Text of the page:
Medical Loss Ratio & Rebates, Employee Benefits Compliance

MLR Rebates 2017

mlr rebates

It’s that time of year again: MLR Rebate time! If you received a check from your health insurance company, then you already know that MLR stands for Medical Loss Ratio. If you did not receive a check (September 30th was the deadline), then you probably don’t need to read this article.

The MLR provisions apply only to insured health plans; they do not apply to self-funded health plans or to insurance policies for “excepted” benefits such as stand-alone dental or vision coverage.

Four Decisions Plan Sponsors Must Make

Employers who sponsor insured group health plans and receive MLR rebate checks must make the following four decisions. Following this section is background information about the MLR rebate provisions of the Affordable Care Act (ACA).

  1. How much of the rebate must be paid to plan participants, and how much may the employer keep?
  2. Must or should the rebate be allocated to both prior year and current year participants?
  3. How will the rebate be paid or used?
  4. When must the rebate be paid?

It’s important to document your decisions and the reasons for them, because if the Department of Labor ever audits your group health plan the auditor will want to see your MLR rebate documentation. Note that there is no minimum amount (de minimis exception) below which plan sponsors and employers do not have to comply with the MLR rebate rules.

Leavitt has a rebate calculator spreadsheet and a Sample Employer Rebate Documentation form, as well as sample language if you want to notify your employees about the rebate.  If you are a Leavitt client, please contact your Leavitt advisor if you would like copies of these documents.

For several years Leavitt posted a detailed article about the MLR provisions.  Last year and this year we are only posting a summary, since the details remain the same as in prior years. For the detailed 2015 article, click here.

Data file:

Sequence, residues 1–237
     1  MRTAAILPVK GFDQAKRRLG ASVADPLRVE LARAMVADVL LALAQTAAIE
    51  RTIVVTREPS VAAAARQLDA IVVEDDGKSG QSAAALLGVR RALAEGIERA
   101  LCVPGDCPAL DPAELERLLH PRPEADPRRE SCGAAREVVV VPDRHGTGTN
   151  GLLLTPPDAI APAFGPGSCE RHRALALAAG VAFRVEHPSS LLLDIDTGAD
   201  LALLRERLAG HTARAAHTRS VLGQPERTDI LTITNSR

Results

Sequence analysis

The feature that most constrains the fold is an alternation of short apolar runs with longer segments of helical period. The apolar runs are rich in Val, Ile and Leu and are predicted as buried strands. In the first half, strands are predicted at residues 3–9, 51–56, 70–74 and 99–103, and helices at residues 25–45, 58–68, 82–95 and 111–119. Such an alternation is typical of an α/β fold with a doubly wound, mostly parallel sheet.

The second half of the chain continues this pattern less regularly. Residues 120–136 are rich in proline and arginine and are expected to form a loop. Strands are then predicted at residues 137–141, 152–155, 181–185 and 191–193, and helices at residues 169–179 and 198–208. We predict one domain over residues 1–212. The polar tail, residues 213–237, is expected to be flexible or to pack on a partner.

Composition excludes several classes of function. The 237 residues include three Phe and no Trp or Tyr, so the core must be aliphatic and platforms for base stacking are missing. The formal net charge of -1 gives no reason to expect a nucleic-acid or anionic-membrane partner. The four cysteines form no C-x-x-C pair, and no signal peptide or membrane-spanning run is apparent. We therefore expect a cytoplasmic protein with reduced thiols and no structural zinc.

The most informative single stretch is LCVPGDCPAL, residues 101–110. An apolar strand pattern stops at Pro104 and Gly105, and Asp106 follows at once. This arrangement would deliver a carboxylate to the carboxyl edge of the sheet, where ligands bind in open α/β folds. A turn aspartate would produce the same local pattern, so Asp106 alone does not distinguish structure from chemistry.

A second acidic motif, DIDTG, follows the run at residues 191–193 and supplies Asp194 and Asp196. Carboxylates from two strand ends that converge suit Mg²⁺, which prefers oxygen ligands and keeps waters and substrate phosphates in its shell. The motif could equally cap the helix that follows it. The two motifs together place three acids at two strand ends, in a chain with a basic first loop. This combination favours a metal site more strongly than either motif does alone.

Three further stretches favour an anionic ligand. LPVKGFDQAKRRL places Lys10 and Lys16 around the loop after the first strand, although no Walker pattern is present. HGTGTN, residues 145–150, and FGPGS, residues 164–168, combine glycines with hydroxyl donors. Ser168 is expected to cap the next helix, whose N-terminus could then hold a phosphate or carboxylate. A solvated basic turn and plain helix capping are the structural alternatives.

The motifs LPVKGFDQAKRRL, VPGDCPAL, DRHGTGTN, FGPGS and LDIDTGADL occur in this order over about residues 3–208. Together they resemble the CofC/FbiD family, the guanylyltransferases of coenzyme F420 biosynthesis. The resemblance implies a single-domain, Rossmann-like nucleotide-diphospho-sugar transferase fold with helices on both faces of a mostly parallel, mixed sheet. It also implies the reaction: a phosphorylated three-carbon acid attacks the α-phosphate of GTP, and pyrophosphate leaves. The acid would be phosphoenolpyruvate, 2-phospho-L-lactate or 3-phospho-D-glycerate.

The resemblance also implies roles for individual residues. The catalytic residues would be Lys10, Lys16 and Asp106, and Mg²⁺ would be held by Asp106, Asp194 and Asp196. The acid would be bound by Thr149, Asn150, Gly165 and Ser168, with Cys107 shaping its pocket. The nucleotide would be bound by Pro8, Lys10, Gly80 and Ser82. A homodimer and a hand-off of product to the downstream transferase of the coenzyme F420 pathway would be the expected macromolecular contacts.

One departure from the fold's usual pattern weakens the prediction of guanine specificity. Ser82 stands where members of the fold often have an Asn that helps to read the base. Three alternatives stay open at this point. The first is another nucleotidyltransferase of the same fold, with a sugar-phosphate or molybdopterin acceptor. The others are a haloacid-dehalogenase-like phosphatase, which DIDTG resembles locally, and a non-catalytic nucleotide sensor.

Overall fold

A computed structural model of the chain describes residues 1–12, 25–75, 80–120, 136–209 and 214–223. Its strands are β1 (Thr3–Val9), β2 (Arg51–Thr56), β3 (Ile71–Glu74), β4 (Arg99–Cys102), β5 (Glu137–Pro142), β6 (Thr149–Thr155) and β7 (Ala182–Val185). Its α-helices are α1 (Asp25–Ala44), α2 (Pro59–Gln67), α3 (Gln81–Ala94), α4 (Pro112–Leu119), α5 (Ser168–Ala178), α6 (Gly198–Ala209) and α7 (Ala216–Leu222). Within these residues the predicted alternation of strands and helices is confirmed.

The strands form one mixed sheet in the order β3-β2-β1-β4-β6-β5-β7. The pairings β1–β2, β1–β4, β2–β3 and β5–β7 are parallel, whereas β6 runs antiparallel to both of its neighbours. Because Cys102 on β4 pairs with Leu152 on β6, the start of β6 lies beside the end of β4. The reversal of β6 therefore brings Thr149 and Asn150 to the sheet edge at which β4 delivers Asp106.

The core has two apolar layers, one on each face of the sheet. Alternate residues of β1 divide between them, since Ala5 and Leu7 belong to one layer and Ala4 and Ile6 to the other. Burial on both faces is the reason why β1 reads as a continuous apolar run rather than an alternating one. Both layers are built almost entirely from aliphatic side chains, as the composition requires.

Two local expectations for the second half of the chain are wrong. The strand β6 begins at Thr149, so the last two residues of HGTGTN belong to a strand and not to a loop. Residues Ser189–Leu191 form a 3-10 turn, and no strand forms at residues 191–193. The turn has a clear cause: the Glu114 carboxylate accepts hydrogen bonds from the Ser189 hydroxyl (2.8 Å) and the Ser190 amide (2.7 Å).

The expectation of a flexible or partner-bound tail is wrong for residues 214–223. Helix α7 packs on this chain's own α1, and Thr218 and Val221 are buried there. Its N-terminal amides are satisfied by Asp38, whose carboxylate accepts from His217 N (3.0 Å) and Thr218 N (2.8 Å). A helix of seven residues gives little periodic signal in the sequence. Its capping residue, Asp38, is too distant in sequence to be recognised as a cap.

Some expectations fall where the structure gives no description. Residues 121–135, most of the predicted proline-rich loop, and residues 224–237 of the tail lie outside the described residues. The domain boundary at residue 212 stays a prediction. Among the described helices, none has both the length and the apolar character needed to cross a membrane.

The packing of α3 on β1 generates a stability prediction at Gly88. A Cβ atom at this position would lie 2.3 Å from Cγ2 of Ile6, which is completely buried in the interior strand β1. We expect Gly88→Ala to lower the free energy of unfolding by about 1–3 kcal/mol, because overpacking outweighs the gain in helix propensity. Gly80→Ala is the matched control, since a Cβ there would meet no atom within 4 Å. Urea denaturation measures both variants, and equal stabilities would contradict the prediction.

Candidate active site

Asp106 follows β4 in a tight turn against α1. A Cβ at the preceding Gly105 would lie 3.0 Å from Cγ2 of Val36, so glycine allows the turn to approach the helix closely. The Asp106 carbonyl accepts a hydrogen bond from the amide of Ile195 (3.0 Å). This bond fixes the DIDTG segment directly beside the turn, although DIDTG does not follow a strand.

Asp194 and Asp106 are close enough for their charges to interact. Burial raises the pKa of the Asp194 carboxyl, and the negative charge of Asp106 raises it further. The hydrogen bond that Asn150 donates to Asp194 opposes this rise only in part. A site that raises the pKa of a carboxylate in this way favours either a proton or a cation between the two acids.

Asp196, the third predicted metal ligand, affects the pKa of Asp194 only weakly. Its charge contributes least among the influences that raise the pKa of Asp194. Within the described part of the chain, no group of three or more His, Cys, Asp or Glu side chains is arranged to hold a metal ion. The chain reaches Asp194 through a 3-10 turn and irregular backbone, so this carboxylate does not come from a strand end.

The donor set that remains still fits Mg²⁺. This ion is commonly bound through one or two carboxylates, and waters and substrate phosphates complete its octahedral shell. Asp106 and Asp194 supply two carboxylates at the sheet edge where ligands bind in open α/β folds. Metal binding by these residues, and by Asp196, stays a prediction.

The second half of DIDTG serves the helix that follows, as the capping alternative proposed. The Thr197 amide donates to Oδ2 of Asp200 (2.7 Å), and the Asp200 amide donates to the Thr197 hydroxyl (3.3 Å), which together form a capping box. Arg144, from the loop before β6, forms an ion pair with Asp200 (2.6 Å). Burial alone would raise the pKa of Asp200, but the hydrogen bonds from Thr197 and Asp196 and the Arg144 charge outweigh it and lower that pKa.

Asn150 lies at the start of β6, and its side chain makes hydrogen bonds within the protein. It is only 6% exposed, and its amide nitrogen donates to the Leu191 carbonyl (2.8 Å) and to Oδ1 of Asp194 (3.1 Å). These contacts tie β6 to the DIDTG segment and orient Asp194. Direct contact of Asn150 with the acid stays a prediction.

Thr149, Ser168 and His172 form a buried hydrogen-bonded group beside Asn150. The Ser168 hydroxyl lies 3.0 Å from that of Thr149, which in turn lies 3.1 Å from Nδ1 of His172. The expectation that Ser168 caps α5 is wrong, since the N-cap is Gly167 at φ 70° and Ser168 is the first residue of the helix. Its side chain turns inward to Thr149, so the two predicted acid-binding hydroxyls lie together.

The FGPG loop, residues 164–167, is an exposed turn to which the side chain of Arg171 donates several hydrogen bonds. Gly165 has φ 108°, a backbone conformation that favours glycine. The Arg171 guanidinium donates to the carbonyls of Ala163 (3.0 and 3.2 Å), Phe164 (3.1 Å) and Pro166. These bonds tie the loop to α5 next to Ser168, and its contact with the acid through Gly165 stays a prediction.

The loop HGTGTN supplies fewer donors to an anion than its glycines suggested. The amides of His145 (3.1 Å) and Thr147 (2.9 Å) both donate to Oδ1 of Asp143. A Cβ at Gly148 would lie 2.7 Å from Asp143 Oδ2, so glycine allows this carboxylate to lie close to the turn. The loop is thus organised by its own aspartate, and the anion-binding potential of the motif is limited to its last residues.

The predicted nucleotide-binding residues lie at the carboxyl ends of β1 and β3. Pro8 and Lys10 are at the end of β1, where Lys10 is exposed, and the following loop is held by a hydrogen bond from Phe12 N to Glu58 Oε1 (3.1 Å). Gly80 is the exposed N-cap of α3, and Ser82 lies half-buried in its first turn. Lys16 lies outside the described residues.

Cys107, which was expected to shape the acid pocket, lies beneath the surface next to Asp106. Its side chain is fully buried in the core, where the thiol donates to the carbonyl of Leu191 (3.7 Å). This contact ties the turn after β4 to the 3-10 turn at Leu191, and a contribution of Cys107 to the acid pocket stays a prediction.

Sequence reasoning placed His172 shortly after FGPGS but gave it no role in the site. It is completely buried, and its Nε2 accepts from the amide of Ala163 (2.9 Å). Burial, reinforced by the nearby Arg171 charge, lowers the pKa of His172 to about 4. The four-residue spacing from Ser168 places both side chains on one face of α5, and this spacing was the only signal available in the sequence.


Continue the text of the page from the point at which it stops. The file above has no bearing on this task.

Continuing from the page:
The Short Answers to the Four Questions Above

The detailed article provides valuable information, but the short answers to the above four questions are:

  1. If the plan sponsor is the group policyholder and the plan document and SPD do not specify otherwise about rebates, the portion of the rebate that will be considered “plan assets” is the same percent of the total premium that was paid by participants. For example, if participants paid 40% of total premiums last year and the employer paid 60% of total premiums, then 40% of the MLR rebate will be “plan assets” and should be paid to or for the benefit of plan participants.
  2. In most cases an employer probably can decide to allocate the rebate among only current employee participants, rather than having to track down former employees and send them checks. DOL guidance provides that ERISA’s general standards of fiduciary conduct apply but also provides that the plan fiduciary may allocate the MLR rebate only to current participants—and not to former participants—if the fiduciary finds that the cost of distributing amounts to former participants approximates the amount of the proceeds.  (DOL Technical Rel. 2011-04)
  3. Rebates for plan participants can either be paid to or for the benefit of participants or can be used to pay for benefit enhancements adopted by the plan sponsor. Employers usually either: a) pay the rebate to current employees by including the amount in their paychecks and withholding taxes, or b) reduce employees’ November premiums by the rebate amounts.